It looks simple. Homes are true representations of minimalism. More fortunate people have what they need and perhaps a few luxuries, others have only the basics. Children play together with a broken cricket bat and rags tied together for a ball. Sometimes they pull each other down the street on a squashed plastic 1litre container tied to a string. They aren’t glued to TV screens or mobile devices and probably have to use their imaginations too. Everyone has the same diet and it revolves around the staples of rice, potatoes, maize and wheat.

Everyone grows their own crops. People in Nepal eat twice a day (around 10am and again around 6pm) and it is always the national dish of rice and curry and / or sometimes dal (a liquid lentil stew / soup). By the end I had perfected the rice to curry and dal ratio to create a delicious blend. At Yadab’s house there were often snacks too. Laxmi actually seemed hell bent on fattening me up after my illness and her and Sushila made me plenty of GF bread made with rice flour we ground ourselves and after school snacks which were always some mix of potatoes and rice. Puffed rice, beaten rice, fried potato slices, boiled potatoes etc etc.

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Suyasma and Suyas, ecstatic with a cold bottle of Fanta each from Tim

As Sushila teaches at the local private school, I got to spend a number of days there teaching English to the students. At first I was a little overwhelmed to be sent into a room by myself, with just a whiteboard marker and one piece of advice….”speak very slowly”. What is the curriculum? Am I teaching English or English Grammar? What lesson are the students up to? However, the genuine enthusiasm from the students was exciting, their honesty meant I quickly found out what lesson to teach and the satisfaction of seeing the penny drop in rules of English grammar many native speakers wouldn’t know in detail, was awesome. When Tim and the team arrived in the village we all spent a day at the school where Tim gave a presentation to the older classes showing them photos of the trek so far. Most haven’t yet travelled far from their village and they loved seeing the pictures of the country they love so much.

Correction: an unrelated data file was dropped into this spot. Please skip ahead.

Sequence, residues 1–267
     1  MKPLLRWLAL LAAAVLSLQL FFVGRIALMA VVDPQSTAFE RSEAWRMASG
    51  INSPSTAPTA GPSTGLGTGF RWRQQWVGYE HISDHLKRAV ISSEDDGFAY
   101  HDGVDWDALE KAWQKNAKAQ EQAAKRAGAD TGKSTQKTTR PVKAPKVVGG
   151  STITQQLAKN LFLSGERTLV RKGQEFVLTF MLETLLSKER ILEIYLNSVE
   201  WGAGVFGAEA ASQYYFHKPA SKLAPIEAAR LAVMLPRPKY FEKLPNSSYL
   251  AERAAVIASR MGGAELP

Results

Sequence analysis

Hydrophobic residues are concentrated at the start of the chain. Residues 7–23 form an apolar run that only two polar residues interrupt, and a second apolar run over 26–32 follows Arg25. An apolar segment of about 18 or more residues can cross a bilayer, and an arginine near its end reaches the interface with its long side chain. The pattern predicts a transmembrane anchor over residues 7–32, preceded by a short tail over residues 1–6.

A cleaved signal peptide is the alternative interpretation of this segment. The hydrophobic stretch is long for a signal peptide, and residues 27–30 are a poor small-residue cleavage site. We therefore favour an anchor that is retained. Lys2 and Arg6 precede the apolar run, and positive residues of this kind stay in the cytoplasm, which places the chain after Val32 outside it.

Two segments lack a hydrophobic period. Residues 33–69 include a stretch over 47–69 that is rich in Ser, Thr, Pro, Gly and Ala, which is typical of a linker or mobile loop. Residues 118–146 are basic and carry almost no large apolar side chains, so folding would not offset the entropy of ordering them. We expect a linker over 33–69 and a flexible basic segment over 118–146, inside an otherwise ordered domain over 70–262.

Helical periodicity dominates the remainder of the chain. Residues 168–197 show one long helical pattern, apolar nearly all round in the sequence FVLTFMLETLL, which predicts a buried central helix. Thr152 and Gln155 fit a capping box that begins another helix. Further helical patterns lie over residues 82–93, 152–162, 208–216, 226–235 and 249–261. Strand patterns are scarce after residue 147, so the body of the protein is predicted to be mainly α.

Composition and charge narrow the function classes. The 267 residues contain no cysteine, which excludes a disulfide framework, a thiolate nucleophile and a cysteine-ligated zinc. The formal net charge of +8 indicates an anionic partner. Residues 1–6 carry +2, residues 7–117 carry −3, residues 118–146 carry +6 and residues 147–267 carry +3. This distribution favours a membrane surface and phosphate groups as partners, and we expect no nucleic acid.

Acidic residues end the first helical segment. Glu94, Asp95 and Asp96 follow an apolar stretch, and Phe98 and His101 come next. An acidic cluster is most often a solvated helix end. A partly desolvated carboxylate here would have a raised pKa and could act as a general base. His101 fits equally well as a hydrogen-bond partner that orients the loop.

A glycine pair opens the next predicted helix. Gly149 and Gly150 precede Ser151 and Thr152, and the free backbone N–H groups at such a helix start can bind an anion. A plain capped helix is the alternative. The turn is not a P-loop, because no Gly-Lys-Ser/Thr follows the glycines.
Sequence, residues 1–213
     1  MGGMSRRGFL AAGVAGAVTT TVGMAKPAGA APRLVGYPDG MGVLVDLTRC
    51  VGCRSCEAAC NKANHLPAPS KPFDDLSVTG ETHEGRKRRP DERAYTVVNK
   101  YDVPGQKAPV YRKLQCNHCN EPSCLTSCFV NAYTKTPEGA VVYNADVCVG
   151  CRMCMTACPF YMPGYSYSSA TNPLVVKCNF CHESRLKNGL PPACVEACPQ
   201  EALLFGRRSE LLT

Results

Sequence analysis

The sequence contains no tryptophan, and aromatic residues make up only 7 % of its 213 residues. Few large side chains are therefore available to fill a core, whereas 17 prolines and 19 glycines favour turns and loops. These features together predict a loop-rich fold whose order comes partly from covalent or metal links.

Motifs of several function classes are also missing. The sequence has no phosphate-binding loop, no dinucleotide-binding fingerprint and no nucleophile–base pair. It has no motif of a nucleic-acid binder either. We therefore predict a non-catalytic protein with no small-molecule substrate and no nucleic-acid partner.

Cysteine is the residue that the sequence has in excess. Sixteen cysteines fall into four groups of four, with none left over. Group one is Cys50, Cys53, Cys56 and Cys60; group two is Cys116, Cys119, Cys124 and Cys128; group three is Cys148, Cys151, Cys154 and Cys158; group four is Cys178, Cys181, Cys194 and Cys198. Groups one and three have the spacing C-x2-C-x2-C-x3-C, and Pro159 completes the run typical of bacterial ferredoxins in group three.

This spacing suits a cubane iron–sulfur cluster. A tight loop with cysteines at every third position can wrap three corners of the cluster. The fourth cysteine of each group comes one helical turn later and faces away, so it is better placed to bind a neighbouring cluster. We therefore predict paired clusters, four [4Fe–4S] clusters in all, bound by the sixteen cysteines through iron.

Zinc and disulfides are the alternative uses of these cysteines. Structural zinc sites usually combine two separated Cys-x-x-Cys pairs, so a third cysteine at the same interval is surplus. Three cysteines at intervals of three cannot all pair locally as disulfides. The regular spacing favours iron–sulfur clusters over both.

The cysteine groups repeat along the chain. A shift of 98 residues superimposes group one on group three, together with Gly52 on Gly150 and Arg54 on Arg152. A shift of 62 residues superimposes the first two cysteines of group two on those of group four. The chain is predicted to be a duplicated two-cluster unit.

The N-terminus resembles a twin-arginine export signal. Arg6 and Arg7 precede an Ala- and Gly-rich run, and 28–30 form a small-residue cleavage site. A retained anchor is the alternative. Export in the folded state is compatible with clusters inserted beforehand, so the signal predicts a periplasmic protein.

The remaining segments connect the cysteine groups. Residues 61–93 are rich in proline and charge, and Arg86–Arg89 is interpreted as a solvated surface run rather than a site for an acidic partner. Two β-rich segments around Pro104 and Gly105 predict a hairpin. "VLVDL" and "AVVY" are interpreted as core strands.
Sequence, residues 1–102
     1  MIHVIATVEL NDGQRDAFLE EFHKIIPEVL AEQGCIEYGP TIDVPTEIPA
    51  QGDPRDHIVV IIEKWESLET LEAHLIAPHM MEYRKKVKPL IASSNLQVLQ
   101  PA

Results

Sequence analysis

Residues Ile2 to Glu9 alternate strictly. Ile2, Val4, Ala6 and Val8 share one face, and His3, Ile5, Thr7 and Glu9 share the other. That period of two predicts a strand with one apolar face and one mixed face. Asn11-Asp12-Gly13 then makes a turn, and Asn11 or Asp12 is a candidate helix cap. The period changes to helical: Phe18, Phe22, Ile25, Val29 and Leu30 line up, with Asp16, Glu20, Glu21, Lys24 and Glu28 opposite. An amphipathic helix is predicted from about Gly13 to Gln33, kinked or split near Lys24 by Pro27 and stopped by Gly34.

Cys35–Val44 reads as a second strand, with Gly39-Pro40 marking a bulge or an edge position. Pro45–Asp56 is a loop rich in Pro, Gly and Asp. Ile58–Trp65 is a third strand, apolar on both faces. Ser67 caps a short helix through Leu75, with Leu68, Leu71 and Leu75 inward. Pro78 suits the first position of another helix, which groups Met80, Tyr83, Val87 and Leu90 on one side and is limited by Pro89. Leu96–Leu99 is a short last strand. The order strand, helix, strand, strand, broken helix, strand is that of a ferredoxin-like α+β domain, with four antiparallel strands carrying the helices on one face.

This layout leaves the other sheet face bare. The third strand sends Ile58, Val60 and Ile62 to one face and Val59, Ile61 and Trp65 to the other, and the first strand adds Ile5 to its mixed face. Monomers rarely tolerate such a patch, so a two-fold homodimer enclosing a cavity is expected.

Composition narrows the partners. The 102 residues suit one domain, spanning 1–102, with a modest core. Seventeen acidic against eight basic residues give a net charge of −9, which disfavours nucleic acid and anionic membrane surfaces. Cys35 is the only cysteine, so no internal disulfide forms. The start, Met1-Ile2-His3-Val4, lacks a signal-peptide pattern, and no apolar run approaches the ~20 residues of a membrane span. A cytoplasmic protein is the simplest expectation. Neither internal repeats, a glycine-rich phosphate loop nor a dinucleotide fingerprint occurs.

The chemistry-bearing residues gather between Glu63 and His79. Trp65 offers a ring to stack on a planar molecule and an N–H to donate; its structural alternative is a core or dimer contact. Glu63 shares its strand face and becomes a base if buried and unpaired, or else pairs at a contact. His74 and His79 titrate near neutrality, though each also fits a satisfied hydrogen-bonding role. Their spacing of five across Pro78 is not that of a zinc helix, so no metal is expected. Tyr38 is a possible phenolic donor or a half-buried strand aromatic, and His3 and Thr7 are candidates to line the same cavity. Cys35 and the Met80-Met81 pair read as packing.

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Tim presenting to the senior students

As it approaches monsoon season here in Nepal, there were a number of hot days where it was a relief to go swimming in the river. Usually boys and girls keep to separate areas and many girls do not know how to swim. Nevertheless I donned my bikini and jumped in with the boys as they were all enjoying the best, deepest spot for swimming! We also had an early birthday celebration and special dinner with the family as Yadab’s birthday and mine are only one day apart. It is not traditional in Nepal to celebrate birthdays so I really appreciated the effort made for us this year.

What truly stood out to me though, was the sense of community. In Khahare people stop to talk to each other, they share food and involve one another widely for celebrations. Children play together and share their toys and people help one another. This is probably critical when your ‘radius of living’ is so small, yet it reminded me of what I often think is lacking in our urban or suburban lives in the developed Western world.

While I would love to see these people have more for their day to day lives and opportunities, I think there is already a lot we could learn from them.